Well, here we are again.  Despite having a lot more information about the virus than last time, plus a number vaccine options, strangely we find ourselves in another lockdown.


On 1st April last year, via a webinar (now on Youtube), I stated quite clearly that I thought the response to the lockdown would lead to “explosive growth” in Sydney real estate prices.

I explained why stock market crashes have historically been favourable for real estate prices, and why this would be the mother-of-all booms.

It was a minority view, but it was correct.

So, here is my take on lockdown 2.0.

Impact on the economy overall

Make no mistakes about it: lockdowns are bad for the economy and for our standard of living.

Any economy is only as healthy as we are productive.  If for any reason, a society stops producing goods and services, that society inevitably becomes poorer.

It gets worse: if that society replaces actual production, with money printing, that society becomes both poorer and more unequal.  Money printing can briefly mask the problem, but it ultimately exacerbates it.

What we have now is inflation masquerading as economic growth, and it’s a huge mistake that will playout over a number of years.

So, even though I am a bull on the property markets, I am a bear on the economy overall.

Impact on Property Markets

Overall, Lockdown 2.0 will prolong the property boom, though it will temporarily take out some steam in the short term.

  • “The Great Cessation”: in the short-term, clearance rates will drop as properties are withdrawn from the market. But don’t be fooled – this isn’t the market falling, it is the market on pause.  It is not a bad market; it is a non-market.  Properties that are withdrawn will appear as “passed in”.  Clearance rates won’t mean anything during lockdown.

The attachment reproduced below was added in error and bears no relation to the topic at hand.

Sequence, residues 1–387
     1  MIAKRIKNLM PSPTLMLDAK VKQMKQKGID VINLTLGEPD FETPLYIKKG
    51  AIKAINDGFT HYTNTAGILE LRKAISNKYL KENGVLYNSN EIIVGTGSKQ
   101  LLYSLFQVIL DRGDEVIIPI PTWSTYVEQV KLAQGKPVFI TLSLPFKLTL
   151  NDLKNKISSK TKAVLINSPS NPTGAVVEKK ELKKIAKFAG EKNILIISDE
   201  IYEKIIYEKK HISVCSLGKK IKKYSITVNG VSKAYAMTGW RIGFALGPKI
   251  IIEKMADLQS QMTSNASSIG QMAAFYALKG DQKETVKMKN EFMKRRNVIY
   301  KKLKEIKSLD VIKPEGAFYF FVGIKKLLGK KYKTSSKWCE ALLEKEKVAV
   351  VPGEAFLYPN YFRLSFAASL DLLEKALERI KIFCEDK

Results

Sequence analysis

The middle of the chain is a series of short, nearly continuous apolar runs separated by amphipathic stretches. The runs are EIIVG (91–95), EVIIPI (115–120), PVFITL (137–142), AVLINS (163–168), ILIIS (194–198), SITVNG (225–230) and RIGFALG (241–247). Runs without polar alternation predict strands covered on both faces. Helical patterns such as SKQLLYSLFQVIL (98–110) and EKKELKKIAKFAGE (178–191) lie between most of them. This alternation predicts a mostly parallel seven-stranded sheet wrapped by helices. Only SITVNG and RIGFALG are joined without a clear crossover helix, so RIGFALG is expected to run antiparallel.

• Interest rates, lower for longer: the main impact of lockdown 2.0, is that it will give permission for central banks to keep interest rates lower for longer. Artificially low interest rates are the main fuel under the fire of higher house prices, and lockdown locks in this policy framework for even longer.


  • Less anxiety this time: as always, greed and fear are in a constant tug of war. I remember the first lockdown, when the sense of uncertainty was very strong.  Fear briefly won that tug of war.  There will not be the that overwhelming sense of fear this time around, and buyers and sellers will be more likely to briefly pause their campaign and then resume more quickly.


  • Lockdown will exacerbate the demand/supply imbalance: lockdown will worsen the supply/demand dynamic. On the buyer side it will keep rates lower for longer, and it will also create urgency for buyers to make their purchase before their finance expires.  Simultaneously, sellers are going to hold back until things “normalize”, whatever that means.



Overall, with the combination of money printing, debt acquisition and lock downs, we are in an inflationary “melt up”.

While this is a destructive overall macro policy mix, it is good for property investors. 

Real estate has its risks and it’s not for everyone, but historically real estate is a lifeboat in inflationary times.

Lockdown 2.0 only serves to pour fuel on current imbalances: it will give the RBA an excuse to keep interest rates lower for longer, and this will keep alive a property bull market that may have ended next year, but will now probably run to mid-decade.

Lockdown will also deter the new supply of homes that would otherwise have come on to the market.  Less supply means higher prices.

So don’t be trapped in a permanent “present tense”.  In the very short term, campaigns will be paused, priorities will change and yes, some steam will come out of the market.

However,, while lock-down will eventually end, Lockdown 2.0 will ultimately serve to prolong the stimulus. And while nothing lasts forever, my guess is that Lockdown 2.0 will actually prolong the current bull market.


John Comino